I drive on our roads everyday, and almost every time I do I see at least one person using a mobile phone whilst behind the wheel. Now as a lawyer who deals with road accidents, I'll be the first to admit that I'm sensitive to anything that can have a negative effect on road safety.
But it makes me so angry that despite all the publicity showing us how many serious or fatal accidents can occur as a result of using a phone whilst driving, many people continue to do it.
Using a mobile phone at the wheel was officially banned in 2003 and the Royal Society for the Prevention of Accidents (RoSPA) found it increases the risk of a crash by four times. Reaction times for drivers using a phone are also around 50% slower than normal driving.
Even the most careful drivers can be affected by a phone call or text, as that split second lapse in concentration can be fatal.
Consequences of mobile use when driving
Getting caught by the police whilst driving and using a hand held mobile phone can result in a hefty fine, points on your licence, increased insurance premiums and even a driving ban.
If you are found guilty of contributing to an accident because you were using your phone you are likely to also face criminal prosecution for dangerous driving or driving without due care and attention.
There's also the human cost. Take the devastating story of 22 year old Jemma O'Sullivan who was killed in a road accident on the M18 in South Yorkshire. A lorry driver sent a text message whilst driving, and for that split second his concentration was affected resulting in a four-vehicle collision killing Jemma. The driver of the lorry admitted causing death by dangerous driving and was disqualified from driving for 5 years. In a statement released Jemma's father said:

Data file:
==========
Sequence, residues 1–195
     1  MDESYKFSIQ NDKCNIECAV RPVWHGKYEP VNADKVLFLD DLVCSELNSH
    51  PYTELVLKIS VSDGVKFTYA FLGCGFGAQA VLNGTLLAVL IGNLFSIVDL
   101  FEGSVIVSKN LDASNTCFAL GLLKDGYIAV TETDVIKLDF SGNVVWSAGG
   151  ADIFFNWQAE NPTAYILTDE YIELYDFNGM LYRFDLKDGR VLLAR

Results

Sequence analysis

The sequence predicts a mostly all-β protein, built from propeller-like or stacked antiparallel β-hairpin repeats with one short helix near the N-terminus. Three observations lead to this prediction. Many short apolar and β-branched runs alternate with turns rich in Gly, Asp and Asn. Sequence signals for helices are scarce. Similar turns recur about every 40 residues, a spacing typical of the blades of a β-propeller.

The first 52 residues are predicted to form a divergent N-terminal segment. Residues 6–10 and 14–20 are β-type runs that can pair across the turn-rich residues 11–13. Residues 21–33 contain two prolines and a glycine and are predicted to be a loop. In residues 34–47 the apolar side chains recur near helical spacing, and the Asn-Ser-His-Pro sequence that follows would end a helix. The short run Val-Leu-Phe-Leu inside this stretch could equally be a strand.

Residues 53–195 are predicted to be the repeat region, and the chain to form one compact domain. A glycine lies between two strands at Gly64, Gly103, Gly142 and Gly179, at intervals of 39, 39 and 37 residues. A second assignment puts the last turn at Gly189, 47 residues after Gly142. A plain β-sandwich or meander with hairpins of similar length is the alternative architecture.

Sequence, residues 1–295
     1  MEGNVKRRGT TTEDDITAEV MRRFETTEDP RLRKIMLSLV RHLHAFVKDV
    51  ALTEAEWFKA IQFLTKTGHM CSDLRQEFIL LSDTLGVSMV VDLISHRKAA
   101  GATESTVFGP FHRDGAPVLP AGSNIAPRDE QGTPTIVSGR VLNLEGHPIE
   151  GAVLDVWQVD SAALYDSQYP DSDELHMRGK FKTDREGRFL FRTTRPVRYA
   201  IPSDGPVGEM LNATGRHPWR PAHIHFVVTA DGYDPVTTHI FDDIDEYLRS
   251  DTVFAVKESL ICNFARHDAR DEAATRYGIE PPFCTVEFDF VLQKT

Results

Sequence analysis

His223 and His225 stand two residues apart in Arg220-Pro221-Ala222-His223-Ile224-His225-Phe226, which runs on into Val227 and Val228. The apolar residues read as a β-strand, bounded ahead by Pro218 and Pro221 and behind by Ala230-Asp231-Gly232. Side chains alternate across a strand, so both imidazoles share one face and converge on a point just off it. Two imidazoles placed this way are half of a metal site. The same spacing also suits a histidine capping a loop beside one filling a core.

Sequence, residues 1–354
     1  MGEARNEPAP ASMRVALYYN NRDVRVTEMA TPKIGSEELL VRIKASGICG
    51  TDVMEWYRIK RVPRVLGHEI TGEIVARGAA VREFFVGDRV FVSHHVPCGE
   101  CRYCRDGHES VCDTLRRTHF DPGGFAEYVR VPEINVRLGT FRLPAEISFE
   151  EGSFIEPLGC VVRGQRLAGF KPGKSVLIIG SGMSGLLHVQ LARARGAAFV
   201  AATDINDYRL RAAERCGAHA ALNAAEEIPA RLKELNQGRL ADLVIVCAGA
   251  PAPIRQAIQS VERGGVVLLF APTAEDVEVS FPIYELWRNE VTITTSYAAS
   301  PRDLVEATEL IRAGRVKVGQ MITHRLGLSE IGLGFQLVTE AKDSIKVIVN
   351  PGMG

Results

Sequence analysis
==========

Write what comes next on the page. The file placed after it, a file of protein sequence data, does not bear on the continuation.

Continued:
"Jemma was stolen from us by this truck driver who had absolutely no regard for other road users. This man has caused devastation to our family by texting while driving a heavy goods vehicle at 55mph on the M18, as we heard in court one text alone had one 117 strikes of the keyboard."
Driven to Distraction
I believe more and more accidents are happening on our roads because drivers are distracted.
While it's obvious that taking you hands off the wheel to use your mobile presents a clear risk, RoSPA argues that even hands free usage should be banned. While the government disagrees, I think we can all concur that as soon as a driver answers a call or looks at their phone to read a message their concentration is adversely affected.
The Think! annual survey report carried out in last August further revealed the overwhelming view that using a mobile to text whilst driving was the most dangerous phone related behaviour, with 86% of participants agreeing completely. Using a mobile phone without a hands free kit was then seen as the next most dangerous behaviour (83%) and using a hands free kit was a distant third (29%).
But regardless of our personal opinion we'd do well to keep in mind the three rules outlined by Think:
- • Don't make or answer calls or text whilst driving
- • Pull over safely and park up before using your mobile
- • Don't call other people if you know they're driving
So when you next get in your car, just take a moment to think about what you do with your mobile phone.
Do you switch it to silent and place it in the glove compartment? Or leave it to buzz and ring away on the passenger seat? Is that facebook notification or spam text message really worth taking your eyes off the road for?
About the author
Laura Reaney is a litigator within Spencers Solicitors Complex Injury team. Laura has extensive experience in dealing with claimants that have complex and serious injuries, and over the years has worked on various claim types including those involving permanent disability and fatalities.